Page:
$300K for Safe Car Parks at Churches

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The Oakland City Council has unanimously approved $300,000 for a safe parking program for homeless Oaklanders through the Interfaith Council of Alameda County.
Rev. Ken Chambers, founder of the Interfaith Council, has been working with the city to develop the program using church parking lots.

“I thank the Interfaith Council, and the many congregations themselves, who have stepped up, and offered to use their properties for solutions like safe parking spaces for homeless people who are living in vehicles,” said Councilmember Rebecca Kaplan, who called for this assistance in April.

“By creating safe parking spaces, and ultimately, tiny homes and more, in partnership with our congregations, with access to toilets, water, services and more, we can help remedy this crisis, and help people get into better situations,” said Kaplan.

West Side Missionary Baptist Church and four other West Oakland churches have offered their lots, and will use the funding to ensure that the lots offer sufficient safety for people living in their cars, like fencing and night lights, as well as porta-potties and wash stations. “We have to be sure we actually have a safe environment before we fill the lots,” said Rev. Chambers.

Churches that offer their parking lots will receive funding to hire a car park coordinator ($20,000-$25,000 a year). The program will provide the safety measures, bathrooms, and other services.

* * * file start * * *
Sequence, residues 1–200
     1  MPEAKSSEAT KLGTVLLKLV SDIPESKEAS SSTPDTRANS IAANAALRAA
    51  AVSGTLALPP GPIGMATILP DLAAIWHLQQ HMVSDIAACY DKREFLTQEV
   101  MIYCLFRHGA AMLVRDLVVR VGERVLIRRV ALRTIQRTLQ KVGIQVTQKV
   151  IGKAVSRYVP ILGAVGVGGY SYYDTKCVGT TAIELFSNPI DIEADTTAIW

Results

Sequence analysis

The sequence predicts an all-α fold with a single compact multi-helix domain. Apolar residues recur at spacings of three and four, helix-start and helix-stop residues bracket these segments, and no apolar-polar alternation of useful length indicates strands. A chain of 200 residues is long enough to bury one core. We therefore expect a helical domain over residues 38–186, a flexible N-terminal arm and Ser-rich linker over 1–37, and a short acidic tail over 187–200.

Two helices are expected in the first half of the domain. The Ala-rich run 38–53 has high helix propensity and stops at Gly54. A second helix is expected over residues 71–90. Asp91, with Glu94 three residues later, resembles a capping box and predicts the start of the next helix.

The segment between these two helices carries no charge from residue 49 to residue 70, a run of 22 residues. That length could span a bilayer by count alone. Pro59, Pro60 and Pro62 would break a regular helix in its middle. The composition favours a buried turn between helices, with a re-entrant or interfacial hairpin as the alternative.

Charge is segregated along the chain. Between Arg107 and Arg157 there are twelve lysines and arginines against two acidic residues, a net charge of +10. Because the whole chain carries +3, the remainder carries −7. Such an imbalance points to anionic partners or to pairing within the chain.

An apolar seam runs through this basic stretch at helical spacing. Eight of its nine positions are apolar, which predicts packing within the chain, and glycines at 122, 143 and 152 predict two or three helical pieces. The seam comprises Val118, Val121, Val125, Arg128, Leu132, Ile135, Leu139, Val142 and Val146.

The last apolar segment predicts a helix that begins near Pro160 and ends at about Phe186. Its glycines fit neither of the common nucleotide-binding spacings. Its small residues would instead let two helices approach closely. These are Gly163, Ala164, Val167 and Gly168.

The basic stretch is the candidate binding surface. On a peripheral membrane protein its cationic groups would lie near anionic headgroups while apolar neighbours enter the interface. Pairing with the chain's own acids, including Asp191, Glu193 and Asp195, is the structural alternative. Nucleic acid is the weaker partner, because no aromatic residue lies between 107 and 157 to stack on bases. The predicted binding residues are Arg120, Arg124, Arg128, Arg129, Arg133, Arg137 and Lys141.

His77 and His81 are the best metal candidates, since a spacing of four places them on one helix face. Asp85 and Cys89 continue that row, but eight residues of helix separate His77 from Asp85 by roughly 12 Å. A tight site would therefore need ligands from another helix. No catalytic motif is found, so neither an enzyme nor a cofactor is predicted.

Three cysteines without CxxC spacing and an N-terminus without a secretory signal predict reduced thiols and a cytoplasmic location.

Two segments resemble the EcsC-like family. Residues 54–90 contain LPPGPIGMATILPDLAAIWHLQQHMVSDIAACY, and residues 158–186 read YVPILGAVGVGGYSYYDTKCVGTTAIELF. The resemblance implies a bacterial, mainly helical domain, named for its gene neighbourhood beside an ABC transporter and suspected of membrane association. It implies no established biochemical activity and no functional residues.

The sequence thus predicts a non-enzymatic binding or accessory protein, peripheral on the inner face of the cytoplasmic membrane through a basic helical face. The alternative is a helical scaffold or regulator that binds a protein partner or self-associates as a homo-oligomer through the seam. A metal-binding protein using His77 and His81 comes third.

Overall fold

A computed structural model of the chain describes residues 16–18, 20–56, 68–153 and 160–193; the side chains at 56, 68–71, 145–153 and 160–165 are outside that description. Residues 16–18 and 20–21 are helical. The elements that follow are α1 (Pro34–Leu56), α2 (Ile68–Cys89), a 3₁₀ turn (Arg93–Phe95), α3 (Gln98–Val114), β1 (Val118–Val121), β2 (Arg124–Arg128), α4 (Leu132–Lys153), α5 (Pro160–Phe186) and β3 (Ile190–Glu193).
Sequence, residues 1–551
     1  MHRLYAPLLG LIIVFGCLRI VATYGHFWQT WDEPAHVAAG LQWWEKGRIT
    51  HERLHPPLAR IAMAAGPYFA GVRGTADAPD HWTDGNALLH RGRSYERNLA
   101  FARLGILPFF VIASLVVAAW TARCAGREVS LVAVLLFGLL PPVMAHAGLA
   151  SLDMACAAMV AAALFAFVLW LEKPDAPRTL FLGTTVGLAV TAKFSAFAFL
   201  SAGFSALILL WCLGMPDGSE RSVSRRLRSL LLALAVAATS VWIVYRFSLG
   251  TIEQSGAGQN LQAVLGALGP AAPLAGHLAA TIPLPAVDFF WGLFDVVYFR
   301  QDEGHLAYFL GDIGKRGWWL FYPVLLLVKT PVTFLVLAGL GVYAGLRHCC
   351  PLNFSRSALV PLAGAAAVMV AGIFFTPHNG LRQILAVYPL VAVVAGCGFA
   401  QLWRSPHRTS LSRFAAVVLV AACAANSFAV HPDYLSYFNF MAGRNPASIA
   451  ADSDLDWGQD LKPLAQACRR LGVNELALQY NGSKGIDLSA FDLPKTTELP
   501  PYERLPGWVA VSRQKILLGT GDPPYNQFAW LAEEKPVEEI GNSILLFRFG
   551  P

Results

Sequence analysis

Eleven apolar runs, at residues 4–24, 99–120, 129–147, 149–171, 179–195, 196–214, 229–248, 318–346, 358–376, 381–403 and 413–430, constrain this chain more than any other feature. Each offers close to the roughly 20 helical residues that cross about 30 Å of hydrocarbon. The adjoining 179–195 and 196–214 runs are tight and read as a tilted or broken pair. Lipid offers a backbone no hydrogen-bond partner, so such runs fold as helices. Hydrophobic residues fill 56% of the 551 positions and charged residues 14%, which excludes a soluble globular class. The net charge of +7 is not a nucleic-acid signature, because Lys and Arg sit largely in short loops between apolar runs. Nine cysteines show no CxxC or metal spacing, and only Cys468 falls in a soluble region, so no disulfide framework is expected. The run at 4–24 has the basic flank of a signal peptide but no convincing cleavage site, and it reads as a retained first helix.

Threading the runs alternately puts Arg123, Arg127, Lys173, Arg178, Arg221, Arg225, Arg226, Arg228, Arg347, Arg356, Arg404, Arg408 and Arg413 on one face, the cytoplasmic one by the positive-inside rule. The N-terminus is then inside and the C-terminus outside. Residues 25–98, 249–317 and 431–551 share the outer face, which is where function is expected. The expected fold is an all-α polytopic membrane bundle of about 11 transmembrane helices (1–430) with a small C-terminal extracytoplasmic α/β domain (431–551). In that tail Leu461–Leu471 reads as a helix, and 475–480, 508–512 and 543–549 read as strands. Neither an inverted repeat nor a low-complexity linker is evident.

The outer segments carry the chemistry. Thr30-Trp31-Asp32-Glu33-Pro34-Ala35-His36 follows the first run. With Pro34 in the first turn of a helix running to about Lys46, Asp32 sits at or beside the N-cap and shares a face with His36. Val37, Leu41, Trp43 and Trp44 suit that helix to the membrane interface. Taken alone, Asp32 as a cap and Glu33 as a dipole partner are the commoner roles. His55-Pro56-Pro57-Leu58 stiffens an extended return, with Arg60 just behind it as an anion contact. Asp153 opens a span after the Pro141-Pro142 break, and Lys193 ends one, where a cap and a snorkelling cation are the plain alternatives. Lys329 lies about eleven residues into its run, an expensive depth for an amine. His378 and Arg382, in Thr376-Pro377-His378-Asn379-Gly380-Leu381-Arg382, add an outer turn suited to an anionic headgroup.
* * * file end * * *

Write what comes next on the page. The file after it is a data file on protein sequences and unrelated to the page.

Rev. Chambers said the program is meant to be a temporary, emergency solution to protect those who sleep in their cars and provide them with wraparound services, including weekly shower services by Dignity on Wheels, counseling, referrals, and other human services to help them into transitional or permanent housing.
Those who utilize the car park will be able to stay as long as they need, and will have to agree to a set of rules, including remaining inside the lot from 7 p.m. – 7 a.m. without visitors.

West Side Missionary already hosts two tiny homes built by Laney College’s Carpentry Department in its parking lot, housing two Laney athletes, a third to come. Each of these students will receive a $100 stipend for eight volunteer hours per month, each, of cleaning and maintaining the car park.

While there is no comprehensive count of homeless people living in cars in Oakland, a 2017 EveryoneCounts survey reports 8 percent of the 457 homeless people surveyed sleep in their non-RV vehicle (the car park will not host RVs).

The total number of homeless people in Oakland is estimated to have surpassed the last count of 2,761, suggesting that at least 200 people in Oakland live in their cars. Rev. Chambers thinks it could be twice that, maybe more.

The City of Oakland has registered 36 people who live in their cars who have reached out to health and human services.

Those already registered will be the first to inhabit the car parks, 10 cars per lot.

As needed, an intake coordinator, yet to be designated, will go out to homeless encampments to give out care packages and register more people in need of a safe car park.

 

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